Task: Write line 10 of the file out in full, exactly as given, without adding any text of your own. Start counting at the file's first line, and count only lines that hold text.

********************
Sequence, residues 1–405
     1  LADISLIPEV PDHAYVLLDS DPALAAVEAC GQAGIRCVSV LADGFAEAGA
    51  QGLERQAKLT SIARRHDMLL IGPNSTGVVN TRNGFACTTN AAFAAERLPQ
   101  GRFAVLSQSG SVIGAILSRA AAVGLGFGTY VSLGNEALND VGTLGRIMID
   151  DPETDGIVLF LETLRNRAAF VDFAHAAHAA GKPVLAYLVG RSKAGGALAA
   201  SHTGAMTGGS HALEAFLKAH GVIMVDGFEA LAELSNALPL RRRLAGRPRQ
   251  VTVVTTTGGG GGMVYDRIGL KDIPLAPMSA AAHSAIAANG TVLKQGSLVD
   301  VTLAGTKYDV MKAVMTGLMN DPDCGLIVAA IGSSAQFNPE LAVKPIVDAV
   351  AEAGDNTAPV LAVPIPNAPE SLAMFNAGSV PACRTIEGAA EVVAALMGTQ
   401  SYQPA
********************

   401  SYQPA